"I will always start by that, because it informs my identity. It informs the color of my skin."
Jessel Taank is setting the record straight about her background.
TooFab spoke to The Real Housewives of New York star about her inaugural season on the revamped series, and the pressures to "open up," as this new group of New Yorkers get to know each other.
While Taank shared both her background and tidbits about her personal life -- including her marriage and IVF journey -- she was met with backlash from much of the cast who questioned her story and made jabs at her behind the scenes.
"It really was very confusing, and I guess I should start by saying, I'm the type of person that, I'll open up freely and openly if I feel like it's a safe environment to do so," Taank began before detailing the tense moment where things took a turn during the group's trip to Anguilla.
She continued, "I think you see them sort of picking apart at Jenna [Lyons] during that first dinner in Anguilla. Then they asked me about my background, right after that, and I just kind of felt myself tensing up a bit, because I just didn't feel very comfortable in that moment."
Admittedly, Taank said she finds it hard talking about herself, and while she's forced to -- and now in a very public way on the series -- she felt like her castmates were looking for holes in her story, no matter what came out of her mouth.
"I really am very proud of my background, and I will always, as a daughter of an immigrant, share how or where my parents came from. Which is what I did, but it obviously didn't resonate," Taank, who is the first Indian Housewife in the franchise's history, added. "I will always start by that, because it informs my identity. It informs the color of my skin."
Taank's lineage is a layered one. While she was born in England, the fashion entrepreneur boasts Indian heritage. Furthermore, her parents are from East Africa. While they are Indian by ethnicity, they lived and worked in Kenya until a political uprising forced them out and into the U.K.
"For me, it was really kind of an important story to tell, and I don't know why it was not received that well," she continued.
Part of the issue, Taank believes, is that the cast thought she was comparing her upbringing to that of castmates, Sai de Silva and Brynn Whitfield, who have each detailed traumatic childhoods when sharing their stories on the show.
"That was not the case at all," Taank assured. "How I grew up, and let me just be clear, they really worked really hard to give us a roof over our heads, and we never didn't have anything that we needed, but it was a very simple life."
She continued, "They were very hard-working, middle class people. And I think that maybe when I was telling the story, that didn't really resonate, because Brynn and Sai had a very different upbringing."
She also shot back at Erin Lichy's assumptions that she got help from her parents after moving from England to New York. Taank was housed by her uncle and said she was on a student visa upon her arrival to the U.S., which made her unable to legally work and get paid.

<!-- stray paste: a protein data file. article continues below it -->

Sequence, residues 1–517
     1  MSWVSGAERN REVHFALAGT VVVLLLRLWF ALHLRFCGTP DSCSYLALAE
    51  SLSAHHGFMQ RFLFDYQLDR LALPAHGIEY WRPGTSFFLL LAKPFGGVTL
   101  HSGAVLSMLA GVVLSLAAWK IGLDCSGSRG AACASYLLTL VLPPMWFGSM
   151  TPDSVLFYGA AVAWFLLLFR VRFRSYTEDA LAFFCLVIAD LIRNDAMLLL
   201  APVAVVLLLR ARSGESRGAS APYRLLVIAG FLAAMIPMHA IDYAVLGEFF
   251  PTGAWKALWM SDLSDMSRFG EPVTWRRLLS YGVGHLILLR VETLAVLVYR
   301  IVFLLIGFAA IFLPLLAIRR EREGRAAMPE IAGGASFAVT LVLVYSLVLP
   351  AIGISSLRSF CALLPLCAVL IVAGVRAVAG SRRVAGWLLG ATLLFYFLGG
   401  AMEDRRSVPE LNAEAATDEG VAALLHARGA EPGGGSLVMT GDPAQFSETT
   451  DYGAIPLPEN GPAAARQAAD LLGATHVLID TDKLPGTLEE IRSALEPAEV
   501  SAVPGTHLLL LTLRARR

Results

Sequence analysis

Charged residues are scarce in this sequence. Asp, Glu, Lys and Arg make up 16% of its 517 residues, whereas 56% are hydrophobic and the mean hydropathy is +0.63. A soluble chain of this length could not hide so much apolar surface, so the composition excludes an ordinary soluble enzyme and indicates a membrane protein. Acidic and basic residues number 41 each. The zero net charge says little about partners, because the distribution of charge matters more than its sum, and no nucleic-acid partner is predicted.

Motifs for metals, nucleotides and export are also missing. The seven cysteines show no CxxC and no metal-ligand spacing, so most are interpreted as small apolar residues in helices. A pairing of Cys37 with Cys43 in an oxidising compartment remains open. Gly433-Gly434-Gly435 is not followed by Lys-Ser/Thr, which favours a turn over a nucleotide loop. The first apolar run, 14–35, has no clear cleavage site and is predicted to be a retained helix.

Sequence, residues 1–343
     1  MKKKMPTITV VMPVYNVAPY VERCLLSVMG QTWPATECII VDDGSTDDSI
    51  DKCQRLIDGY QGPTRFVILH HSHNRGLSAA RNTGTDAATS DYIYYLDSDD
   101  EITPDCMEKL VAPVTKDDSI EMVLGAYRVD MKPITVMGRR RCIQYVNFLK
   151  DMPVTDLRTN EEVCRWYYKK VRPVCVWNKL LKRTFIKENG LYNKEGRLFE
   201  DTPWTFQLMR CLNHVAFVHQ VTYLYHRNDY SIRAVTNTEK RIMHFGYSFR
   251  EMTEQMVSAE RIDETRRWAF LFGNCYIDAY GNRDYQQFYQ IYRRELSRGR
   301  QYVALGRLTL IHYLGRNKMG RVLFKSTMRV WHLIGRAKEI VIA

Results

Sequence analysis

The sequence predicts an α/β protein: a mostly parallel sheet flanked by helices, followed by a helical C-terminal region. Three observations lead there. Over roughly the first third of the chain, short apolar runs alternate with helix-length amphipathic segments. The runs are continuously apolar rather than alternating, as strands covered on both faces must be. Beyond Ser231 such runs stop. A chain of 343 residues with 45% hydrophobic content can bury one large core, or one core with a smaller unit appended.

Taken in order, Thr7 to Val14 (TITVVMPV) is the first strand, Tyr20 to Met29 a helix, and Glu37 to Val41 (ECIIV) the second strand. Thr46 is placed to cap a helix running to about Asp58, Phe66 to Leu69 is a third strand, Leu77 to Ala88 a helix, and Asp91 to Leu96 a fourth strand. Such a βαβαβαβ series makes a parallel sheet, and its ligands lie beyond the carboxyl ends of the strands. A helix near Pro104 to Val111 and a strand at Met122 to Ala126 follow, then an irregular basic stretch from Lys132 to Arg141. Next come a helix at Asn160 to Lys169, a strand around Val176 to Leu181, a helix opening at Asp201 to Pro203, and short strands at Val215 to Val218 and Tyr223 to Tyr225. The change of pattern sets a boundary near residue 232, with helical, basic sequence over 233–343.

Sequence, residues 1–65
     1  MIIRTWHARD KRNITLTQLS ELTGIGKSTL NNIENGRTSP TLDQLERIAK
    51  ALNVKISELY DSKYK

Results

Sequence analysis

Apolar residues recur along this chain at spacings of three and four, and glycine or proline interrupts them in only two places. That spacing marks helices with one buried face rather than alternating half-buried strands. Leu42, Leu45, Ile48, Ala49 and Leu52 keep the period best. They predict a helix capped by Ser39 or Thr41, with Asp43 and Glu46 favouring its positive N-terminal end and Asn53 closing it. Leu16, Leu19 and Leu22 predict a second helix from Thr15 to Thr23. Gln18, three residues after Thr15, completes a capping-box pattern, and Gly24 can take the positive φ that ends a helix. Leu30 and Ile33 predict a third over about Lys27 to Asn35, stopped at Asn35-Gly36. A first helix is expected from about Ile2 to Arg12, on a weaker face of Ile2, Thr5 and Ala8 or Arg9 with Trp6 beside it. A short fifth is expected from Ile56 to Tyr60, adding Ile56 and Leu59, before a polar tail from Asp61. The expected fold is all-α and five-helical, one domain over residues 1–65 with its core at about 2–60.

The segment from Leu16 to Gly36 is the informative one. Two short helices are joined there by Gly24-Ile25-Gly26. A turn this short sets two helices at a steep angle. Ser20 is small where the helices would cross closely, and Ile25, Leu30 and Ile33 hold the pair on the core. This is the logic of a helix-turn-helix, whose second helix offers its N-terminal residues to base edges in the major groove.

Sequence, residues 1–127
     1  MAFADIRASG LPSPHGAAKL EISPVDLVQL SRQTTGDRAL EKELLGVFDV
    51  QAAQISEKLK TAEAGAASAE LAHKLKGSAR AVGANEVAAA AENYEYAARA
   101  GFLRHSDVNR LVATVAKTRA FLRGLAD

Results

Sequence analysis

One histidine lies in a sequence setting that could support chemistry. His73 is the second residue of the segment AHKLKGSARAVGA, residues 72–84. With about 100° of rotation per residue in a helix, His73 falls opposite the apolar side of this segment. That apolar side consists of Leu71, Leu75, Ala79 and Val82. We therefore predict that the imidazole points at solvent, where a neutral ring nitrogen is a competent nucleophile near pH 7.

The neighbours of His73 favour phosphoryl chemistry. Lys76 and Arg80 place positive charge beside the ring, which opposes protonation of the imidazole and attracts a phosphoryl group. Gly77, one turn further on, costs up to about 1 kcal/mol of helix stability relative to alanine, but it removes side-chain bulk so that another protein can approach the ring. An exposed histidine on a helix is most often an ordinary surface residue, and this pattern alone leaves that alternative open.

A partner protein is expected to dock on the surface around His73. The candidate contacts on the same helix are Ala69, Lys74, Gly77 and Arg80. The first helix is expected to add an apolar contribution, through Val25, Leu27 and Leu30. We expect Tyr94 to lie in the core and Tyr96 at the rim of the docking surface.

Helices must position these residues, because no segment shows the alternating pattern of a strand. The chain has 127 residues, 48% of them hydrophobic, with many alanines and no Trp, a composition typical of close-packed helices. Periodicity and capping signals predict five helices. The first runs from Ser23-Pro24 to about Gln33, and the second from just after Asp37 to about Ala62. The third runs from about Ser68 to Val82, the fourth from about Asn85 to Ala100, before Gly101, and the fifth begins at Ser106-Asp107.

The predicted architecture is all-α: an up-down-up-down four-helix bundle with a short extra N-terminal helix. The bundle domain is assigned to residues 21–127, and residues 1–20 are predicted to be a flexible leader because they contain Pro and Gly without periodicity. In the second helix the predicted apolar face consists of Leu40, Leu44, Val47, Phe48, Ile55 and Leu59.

"Our story as first generation immigrants -- we don't really get the credit that we sort of deserve. I think that people look at us now, and yes we're accomplished, and yes we have an education, but that didn't come on a silver platter...," Taank maintained. "My parents instilled a very strong work ethic, and I actually worked really hard to get where I am."
She added, "The system here is not favorable to people who are not from here. I think that's the other part of my story... yeah, I always had a phone-a-friend line that I could call my parents if I needed, but I also didn't want to. I wanted to work and prove to everyone that I was able to do it, and I did it by myself."
As for some of her castmates' behind-the-scenes commentary, Taank attributed it to a mixture of "culture misunderstandings" and ignorance.
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"I just think that there are things that you can be playful about, but then there are things that are just not really -- it just comes across as not very kind," Taank said. "I think there's a fine line between the two... I think sometimes the things that they're saying -- it does come across a little bit ignorant, to be honest."
The pressure on the show to "open up and share your story," the mother of two said, ultimately can be a lot.
When it comes to what's next this season, Taank said viewers can expect more "heated" exchanges, especially where people's stories are concerned.
"Let's just say the momentum that we're seeing in the past few episodes continues," Taank teased. "It's a lot of drama, and it's starting to get heated now. So, keep watching."
The Real Housewives of New York City airs Sundays at 9:00 p.m. ET on Bravo.